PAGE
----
Colposcopy is a procedure where your doctor uses a special magnifying device to look at your vulva, vagina and cervix . If the doctor sees a problem, he or she can take a small sample of tissue (biopsy) from abnormal area. The sample is looked at under a microscope. The purpose of colposcopy is to find out who can develop cervical cancer in future and prevent it. This test is most often done when the result of a Pap test is abnormal. Most abnormal Pap tests are caused by viral infections called HPV (Warts) . In some cases, the untreated cervical cell changes of abnormal Pap tests may become precancerous or cancerous cells. During the test, your doctor uses a lighted magnifying device that looks like a pair of binoculars. This device is called a colposcope. It allows your doctor to see problems that would be missed by the naked eye. Your doctor may put vinegar (acetic acid) and sometimes iodine on the vagina and cervix with a cotton swab or cotton balls. It allows the doctor to see problem areas more clearly.
Colposcopy is done to evaluate:
- An abnormal Pap test.
- Check a sore or other problem (such as genital warts) found on or around the vagina and cervix.
- Follow up on abnormal areas seen on a previous colposcopy. It can also be done to see if treatment for a problem worked.
- If pap smear shows a high-risk type of HPV.
Let doctor know if:
- You are or might be pregnant. Colposcopy is safe during pregnancy. If a cervical biopsy is needed during the test, the chance of any harm to the pregnancy (such as miscarriage) is very small. But you may have more bleeding from the biopsy. A colposcopy may be repeated about 6-12 weeks after your baby is born.
- Take any medicines.
- Are allergic to any medicines specially to Iodine.
- Have had bleeding problems or take blood thinners. These include aspirin and warfarin (such as Coumadin).
How It Is Done
Colposcopy is usually done done in your doctor's office.
The doctor will insert speculum into your vagina. It gently spreads apart the vaginal walls so your doctor can see inside the vagina and the cervix. The colposcope is moved near your vagina. Your doctor looks through it at the vagina and cervix. Vinegar (acetic acid) or iodine may be used on your cervix to make abnormal areas easier to see. Photos or videos of the vagina and cervix may be taken.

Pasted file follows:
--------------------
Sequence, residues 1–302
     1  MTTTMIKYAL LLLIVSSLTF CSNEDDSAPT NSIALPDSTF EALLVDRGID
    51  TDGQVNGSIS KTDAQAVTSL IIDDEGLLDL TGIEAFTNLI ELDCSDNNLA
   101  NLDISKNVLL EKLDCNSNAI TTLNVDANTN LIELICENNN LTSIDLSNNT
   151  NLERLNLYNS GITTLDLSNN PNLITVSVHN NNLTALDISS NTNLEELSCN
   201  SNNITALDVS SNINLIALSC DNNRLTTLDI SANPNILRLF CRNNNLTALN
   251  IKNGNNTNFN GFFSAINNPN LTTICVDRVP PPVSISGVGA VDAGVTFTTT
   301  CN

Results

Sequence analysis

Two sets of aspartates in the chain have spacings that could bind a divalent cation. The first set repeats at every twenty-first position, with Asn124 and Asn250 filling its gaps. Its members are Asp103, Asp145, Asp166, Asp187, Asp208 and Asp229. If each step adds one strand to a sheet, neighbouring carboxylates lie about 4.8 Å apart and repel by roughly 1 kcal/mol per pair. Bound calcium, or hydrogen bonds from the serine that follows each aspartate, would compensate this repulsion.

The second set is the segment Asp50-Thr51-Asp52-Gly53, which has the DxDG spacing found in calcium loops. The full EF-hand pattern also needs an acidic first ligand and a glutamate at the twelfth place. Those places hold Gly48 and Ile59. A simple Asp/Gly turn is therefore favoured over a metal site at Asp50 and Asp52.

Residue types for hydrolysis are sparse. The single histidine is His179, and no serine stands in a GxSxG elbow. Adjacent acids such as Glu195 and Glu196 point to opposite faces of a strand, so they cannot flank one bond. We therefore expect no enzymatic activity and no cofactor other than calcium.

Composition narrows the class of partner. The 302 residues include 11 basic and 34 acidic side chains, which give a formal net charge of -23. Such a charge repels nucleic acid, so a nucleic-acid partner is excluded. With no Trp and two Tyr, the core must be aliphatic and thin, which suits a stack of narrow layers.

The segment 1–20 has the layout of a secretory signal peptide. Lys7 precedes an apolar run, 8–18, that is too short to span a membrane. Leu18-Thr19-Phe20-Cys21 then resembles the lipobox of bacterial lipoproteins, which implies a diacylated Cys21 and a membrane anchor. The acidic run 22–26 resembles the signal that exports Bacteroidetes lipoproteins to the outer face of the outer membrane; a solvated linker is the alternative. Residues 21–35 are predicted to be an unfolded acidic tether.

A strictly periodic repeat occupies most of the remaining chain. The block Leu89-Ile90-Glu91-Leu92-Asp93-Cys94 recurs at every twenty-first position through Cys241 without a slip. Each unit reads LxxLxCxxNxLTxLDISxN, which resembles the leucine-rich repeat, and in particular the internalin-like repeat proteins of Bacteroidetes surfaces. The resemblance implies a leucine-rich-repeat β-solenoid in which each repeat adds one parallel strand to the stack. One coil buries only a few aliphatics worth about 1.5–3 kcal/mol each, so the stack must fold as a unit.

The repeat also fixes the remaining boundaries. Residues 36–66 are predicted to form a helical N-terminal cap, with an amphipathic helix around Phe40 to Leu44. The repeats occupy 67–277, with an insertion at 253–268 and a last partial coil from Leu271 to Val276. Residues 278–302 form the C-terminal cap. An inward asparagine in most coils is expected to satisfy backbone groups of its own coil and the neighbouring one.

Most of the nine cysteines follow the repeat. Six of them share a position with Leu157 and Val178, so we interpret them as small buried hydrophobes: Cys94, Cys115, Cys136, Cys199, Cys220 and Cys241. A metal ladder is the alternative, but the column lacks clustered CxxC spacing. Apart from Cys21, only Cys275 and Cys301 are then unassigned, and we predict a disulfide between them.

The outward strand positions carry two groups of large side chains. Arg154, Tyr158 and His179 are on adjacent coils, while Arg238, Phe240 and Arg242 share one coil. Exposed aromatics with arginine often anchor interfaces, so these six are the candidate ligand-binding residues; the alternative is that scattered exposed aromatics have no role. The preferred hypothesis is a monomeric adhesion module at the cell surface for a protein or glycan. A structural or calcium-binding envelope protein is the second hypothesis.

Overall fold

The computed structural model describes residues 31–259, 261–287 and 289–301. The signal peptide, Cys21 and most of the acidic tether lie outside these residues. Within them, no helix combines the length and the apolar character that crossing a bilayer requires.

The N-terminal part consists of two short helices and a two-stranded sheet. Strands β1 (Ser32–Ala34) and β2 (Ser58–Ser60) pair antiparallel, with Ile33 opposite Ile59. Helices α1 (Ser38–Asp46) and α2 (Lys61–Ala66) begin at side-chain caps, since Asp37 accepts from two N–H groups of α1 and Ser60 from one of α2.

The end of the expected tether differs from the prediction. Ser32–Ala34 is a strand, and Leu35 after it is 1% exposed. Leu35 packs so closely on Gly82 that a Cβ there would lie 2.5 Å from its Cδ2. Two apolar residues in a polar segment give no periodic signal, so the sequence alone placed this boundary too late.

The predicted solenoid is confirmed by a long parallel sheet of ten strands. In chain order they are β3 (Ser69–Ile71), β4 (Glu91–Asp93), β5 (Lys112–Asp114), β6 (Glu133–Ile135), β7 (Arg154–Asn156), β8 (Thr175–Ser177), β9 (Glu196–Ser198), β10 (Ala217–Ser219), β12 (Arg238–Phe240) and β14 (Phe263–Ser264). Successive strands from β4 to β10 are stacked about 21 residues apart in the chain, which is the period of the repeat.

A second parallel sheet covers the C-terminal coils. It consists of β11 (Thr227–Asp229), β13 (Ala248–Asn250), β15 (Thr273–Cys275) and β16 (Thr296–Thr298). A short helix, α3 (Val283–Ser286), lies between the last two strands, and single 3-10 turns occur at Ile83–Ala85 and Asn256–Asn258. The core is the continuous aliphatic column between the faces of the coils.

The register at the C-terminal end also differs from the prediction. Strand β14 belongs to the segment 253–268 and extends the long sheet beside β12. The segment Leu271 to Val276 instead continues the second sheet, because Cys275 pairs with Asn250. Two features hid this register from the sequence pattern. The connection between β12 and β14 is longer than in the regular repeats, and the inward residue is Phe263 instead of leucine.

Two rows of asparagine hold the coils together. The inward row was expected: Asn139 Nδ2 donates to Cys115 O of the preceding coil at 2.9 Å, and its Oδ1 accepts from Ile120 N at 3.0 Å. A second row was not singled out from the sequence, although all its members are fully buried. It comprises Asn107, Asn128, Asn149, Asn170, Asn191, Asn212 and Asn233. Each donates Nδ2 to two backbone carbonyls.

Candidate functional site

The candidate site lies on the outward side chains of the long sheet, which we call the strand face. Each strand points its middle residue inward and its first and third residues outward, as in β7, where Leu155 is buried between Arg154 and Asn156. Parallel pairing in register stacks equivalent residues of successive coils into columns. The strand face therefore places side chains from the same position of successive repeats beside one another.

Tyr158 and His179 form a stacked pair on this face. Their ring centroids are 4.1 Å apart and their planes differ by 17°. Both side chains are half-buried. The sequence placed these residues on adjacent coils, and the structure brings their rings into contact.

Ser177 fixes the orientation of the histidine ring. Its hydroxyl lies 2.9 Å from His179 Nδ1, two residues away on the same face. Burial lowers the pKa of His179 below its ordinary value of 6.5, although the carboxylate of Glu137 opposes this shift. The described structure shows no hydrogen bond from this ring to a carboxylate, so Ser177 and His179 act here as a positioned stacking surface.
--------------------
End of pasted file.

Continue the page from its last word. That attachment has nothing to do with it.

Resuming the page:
If areas of abnormal tissue are found on the cervix, your doctor will take a small sample of the tissue. This is called a cervical biopsy. Usually several samples are taken. The samples are looked at under a microscope for changes to show pre cancer cells or even cancer cells are present or is likely to develop. If bleeding occurs, a special liquid (Monsel's) or silver nitrate swab may be used on the area to stop the bleeding.
If a sample of tissue is needed from inside the opening of the cervix, a test called endocervical curettage (ECC) will be done. This area can't be seen by the colposcope. So a small sharp-edged tool called a curette is gently put into the area to take a sample. ECC takes less than a minute to do. It may cause mild cramping. An ECC is not done during pregnancy.
Colposcopy and a cervical biopsy usually take about 15 minutes.
How It Feels
You may feel some discomfort when the speculum is put in. You may feel a pinch and have some cramping if a tissue sample is taken.
In rare cases, a cervical biopsy can cause an infection or bleeding. Bleeding can usually be stopped by using a special liquid or swab on the area.
After the test
If you have a biopsy, your vagina may feel sore for a day or two. Some vaginal bleeding or discharge is normal for up to a week after the biopsy. The discharge may be dark-colored. You can use a sanitary pad for the bleeding. Do not douche, have sex, or use tampons for 1 week. This will allow time for your cervix to heal. Do not exercise for 1 day after your colposcopy.
Follow any instructions your doctor gave you. Call your doctor if you have:
- Heavy vaginal bleeding. (This means more than a normal menstrual period).
- A fever.
- Belly pain.
- Bad-smelling vaginal discharge.
Colposcopy is a way for your doctor to use a special magnifying device to look at your vulva, vagina,and cervix. Your doctor will talk to you about what he or she sees at the time of the test. Lab results from a biopsy may take several days or more.